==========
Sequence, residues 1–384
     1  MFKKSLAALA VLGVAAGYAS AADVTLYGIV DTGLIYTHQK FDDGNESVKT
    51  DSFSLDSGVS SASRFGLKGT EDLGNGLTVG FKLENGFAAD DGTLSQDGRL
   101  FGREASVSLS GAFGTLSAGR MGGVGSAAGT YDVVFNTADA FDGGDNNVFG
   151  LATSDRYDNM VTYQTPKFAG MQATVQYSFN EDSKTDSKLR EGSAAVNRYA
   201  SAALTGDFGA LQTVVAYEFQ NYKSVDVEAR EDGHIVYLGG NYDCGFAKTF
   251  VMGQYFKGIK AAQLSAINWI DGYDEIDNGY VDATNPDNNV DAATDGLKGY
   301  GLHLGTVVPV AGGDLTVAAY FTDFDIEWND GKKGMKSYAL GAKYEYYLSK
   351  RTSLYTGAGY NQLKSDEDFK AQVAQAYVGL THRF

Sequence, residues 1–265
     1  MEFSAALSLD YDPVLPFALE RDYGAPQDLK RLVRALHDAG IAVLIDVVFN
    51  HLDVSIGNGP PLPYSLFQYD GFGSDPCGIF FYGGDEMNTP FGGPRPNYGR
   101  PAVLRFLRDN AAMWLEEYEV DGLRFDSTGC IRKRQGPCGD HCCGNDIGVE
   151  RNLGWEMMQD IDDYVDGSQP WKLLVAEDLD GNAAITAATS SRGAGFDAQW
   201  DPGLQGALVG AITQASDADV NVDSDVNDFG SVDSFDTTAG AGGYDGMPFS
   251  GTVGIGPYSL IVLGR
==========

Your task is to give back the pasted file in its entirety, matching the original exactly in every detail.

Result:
Sequence, residues 1–384
     1  MFKKSLAALA VLGVAAGYAS AADVTLYGIV DTGLIYTHQK FDDGNESVKT
    51  DSFSLDSGVS SASRFGLKGT EDLGNGLTVG FKLENGFAAD DGTLSQDGRL
   101  FGREASVSLS GAFGTLSAGR MGGVGSAAGT YDVVFNTADA FDGGDNNVFG
   151  LATSDRYDNM VTYQTPKFAG MQATVQYSFN EDSKTDSKLR EGSAAVNRYA
   201  SAALTGDFGA LQTVVAYEFQ NYKSVDVEAR EDGHIVYLGG NYDCGFAKTF
   251  VMGQYFKGIK AAQLSAINWI DGYDEIDNGY VDATNPDNNV DAATDGLKGY
   301  GLHLGTVVPV AGGDLTVAAY FTDFDIEWND GKKGMKSYAL GAKYEYYLSK
   351  RTSLYTGAGY NQLKSDEDFK AQVAQAYVGL THRF

Sequence, residues 1–265
     1  MEFSAALSLD YDPVLPFALE RDYGAPQDLK RLVRALHDAG IAVLIDVVFN
    51  HLDVSIGNGP PLPYSLFQYD GFGSDPCGIF FYGGDEMNTP FGGPRPNYGR
   101  PAVLRFLRDN AAMWLEEYEV DGLRFDSTGC IRKRQGPCGD HCCGNDIGVE
   151  RNLGWEMMQD IDDYVDGSQP WKLLVAEDLD GNAAITAATS SRGAGFDAQW
   201  DPGLQGALVG AITQASDADV NVDSDVNDFG SVDSFDTTAG AGGYDGMPFS
   251  GTVGIGPYSL IVLGR